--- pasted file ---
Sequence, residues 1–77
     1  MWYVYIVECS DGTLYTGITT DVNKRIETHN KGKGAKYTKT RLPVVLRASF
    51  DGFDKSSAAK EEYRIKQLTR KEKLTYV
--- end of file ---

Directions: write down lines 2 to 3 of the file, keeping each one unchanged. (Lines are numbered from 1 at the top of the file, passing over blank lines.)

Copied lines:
     1  MWYVYIVECS DGTLYTGITT DVNKRIETHN KGKGAKYTKT RLPVVLRASF
    51  DGFDKSSAAK EEYRIKQLTR KEKLTYV